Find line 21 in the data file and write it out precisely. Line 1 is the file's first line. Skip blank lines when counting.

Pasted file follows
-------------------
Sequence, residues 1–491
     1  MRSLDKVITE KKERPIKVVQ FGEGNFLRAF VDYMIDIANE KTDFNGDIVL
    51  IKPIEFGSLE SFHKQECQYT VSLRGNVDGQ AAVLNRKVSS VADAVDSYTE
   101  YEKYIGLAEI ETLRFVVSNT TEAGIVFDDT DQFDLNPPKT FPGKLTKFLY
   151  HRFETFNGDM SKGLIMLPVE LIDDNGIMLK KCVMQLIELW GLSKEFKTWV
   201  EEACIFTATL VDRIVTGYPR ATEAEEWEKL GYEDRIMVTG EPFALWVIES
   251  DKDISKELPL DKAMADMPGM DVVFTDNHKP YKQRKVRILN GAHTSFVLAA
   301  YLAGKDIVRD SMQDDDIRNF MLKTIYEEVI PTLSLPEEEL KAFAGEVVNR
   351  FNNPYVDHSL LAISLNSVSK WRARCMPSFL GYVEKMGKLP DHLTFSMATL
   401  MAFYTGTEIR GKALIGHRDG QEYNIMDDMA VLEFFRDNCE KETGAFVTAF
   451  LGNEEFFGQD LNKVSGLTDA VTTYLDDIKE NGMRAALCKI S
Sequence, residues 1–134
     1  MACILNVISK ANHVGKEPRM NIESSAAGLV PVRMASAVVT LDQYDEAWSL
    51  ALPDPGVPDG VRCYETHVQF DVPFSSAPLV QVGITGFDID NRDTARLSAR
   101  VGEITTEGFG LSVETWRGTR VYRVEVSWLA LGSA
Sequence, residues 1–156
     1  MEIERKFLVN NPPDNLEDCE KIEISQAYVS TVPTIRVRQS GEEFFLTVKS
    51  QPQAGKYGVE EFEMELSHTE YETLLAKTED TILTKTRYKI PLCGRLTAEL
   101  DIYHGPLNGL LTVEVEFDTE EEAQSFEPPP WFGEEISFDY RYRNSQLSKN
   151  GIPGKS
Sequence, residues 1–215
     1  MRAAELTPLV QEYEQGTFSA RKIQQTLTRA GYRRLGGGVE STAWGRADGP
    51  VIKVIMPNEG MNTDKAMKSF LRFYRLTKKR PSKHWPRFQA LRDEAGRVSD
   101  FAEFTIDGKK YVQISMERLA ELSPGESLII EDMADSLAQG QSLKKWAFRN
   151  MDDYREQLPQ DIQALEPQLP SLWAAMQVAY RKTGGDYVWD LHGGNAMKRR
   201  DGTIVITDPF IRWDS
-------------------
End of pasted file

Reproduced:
Sequence, residues 1–215